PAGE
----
And now the Danish embassy in Beirut is burning.
As we all know a bunch of cartoons offensive to Muslims (and first published in September 2005 in Denmark) are now being reprinted by other European media. Muslims are demanding apologies and censorship while European governments defend their citizens right to free speech and the US government sympathizes with the Muslim religious sentiment.
Does the freedom of speech include the right to criticize religions? Yes it does and this right will be used by a free society with varying degree of good taste. There will be people offended. Still this should not stop us from using this right lest we stall the progress of spiritual life in our culture. Presently in the US it seems we are hostages of fundamentalist judeo-christianity, as it is the ruling party, but still I can pick up a paper filled with anti-christian "blasphemy". Criticism of religious beliefs must be allowed but must be coupled with respect for people professing those beliefs. Europeans are way ahead of US - ahead in liberating themselves from archaic religions and progressing toward a renewal of their spirituality.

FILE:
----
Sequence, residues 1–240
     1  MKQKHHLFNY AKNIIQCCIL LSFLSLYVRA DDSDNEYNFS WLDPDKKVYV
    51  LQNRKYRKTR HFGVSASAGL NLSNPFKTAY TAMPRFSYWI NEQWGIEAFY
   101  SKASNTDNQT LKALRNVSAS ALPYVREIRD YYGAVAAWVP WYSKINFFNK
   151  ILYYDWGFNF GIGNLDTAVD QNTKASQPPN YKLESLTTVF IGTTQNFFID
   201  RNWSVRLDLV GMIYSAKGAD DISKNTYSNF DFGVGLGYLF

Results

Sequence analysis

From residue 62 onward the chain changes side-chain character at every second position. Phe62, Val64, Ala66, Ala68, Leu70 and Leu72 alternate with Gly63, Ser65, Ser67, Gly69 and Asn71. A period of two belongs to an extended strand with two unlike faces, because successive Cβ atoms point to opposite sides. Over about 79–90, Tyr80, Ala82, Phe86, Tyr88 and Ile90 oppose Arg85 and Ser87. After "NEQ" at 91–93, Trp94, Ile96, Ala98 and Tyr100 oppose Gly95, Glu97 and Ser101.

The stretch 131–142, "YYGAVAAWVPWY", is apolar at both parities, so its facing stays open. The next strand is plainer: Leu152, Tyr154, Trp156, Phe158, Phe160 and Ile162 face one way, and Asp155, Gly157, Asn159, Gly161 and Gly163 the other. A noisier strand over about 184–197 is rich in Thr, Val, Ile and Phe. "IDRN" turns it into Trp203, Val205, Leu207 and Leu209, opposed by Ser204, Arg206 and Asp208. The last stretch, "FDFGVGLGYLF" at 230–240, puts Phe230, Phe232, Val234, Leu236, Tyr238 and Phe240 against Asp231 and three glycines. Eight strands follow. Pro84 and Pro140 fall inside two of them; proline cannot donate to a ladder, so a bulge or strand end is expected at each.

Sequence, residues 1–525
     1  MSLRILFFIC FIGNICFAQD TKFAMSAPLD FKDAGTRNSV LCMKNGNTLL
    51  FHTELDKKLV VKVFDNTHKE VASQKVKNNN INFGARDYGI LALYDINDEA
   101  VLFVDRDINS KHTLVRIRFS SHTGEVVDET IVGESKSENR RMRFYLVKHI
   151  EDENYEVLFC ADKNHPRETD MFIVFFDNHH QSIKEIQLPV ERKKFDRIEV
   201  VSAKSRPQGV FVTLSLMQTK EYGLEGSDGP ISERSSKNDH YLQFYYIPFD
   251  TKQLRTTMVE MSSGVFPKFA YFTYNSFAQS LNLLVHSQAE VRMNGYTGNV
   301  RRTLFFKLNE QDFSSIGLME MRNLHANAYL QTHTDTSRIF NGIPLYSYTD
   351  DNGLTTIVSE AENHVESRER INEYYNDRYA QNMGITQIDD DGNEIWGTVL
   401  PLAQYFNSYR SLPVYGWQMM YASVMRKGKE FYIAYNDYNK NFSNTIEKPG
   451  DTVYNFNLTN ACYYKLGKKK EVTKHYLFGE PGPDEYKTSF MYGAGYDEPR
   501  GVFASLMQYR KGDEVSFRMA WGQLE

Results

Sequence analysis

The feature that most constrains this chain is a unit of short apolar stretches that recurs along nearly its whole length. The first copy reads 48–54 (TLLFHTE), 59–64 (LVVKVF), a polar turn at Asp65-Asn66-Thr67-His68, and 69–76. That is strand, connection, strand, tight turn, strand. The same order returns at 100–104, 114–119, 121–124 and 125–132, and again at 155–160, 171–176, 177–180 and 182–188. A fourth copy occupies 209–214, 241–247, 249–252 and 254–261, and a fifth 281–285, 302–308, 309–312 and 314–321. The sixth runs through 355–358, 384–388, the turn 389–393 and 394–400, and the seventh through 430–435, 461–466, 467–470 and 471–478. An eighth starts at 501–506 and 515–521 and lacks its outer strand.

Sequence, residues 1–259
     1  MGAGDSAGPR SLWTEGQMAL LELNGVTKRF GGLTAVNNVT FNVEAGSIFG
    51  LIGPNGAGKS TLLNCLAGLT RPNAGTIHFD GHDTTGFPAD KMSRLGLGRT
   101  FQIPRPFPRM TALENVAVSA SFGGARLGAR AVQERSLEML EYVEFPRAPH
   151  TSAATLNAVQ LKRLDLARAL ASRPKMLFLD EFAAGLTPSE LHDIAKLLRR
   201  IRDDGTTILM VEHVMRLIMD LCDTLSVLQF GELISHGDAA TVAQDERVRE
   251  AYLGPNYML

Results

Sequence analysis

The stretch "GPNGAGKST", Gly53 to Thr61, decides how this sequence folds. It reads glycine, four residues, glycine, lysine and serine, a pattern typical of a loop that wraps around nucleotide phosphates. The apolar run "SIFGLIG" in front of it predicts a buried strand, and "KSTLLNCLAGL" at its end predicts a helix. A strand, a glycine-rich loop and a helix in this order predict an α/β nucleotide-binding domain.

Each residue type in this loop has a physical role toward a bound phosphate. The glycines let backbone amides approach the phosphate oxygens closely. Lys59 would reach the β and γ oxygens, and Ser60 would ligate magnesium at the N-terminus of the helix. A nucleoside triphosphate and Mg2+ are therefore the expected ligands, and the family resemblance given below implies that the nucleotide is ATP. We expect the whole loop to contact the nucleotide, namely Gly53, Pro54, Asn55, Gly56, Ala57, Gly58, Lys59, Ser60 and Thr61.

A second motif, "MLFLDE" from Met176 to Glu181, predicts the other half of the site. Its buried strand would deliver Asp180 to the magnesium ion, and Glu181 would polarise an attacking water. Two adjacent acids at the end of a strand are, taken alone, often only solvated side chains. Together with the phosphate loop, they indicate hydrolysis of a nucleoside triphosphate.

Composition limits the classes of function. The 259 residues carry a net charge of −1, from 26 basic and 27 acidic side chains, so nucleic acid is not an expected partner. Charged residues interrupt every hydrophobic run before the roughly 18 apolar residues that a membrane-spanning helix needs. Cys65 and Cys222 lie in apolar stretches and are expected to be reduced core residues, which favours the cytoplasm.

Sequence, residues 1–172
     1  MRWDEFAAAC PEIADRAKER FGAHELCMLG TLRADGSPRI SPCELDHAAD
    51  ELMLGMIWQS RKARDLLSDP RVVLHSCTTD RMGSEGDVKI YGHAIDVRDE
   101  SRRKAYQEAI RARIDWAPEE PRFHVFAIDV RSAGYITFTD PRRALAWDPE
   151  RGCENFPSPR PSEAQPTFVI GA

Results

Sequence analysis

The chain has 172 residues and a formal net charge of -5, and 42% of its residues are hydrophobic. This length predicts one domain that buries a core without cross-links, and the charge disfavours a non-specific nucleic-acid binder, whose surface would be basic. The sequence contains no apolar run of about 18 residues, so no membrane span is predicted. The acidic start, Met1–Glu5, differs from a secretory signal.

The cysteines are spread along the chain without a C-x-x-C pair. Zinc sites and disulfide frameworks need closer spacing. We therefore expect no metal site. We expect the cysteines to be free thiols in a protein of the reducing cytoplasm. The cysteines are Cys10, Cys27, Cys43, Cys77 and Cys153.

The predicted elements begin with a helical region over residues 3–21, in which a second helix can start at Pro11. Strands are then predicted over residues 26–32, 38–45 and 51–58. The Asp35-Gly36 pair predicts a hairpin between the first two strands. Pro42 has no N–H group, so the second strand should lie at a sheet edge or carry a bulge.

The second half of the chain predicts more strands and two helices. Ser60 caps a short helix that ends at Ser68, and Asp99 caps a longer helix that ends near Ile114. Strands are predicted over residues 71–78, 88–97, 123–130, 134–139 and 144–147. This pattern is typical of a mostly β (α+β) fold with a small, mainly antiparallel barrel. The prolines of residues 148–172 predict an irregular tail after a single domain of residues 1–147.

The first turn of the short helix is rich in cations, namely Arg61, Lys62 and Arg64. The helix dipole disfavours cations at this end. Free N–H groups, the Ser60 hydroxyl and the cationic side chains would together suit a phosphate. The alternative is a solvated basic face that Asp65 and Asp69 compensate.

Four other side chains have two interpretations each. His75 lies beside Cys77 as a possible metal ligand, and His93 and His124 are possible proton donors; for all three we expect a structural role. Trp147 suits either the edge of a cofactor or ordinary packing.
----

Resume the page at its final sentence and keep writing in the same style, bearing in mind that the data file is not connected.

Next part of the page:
What about the respect for religious persons who are offended? Do we sympathize with their indignation and suffering? Yes. But the offense is their problem as it stems from their own psychological conditioning that often translates offense into harm. It works like this:
Someone offends me (objective), I am hurt(subjective), I suffer(subjective), I may be harmed(subjective) - then I claim objective harm. But the fault is within my own psyche and I should seek help or stay away from certain type of libertine offenders.
Yes. I am in some sense blaming the victim and it is right to do so. But people with susceptible psychological setup (like religious believers) should realize that in a free society and in a free world they should become hardened against free-thinkers. Or stay in their parish rather than try to propagate their mentality across the world.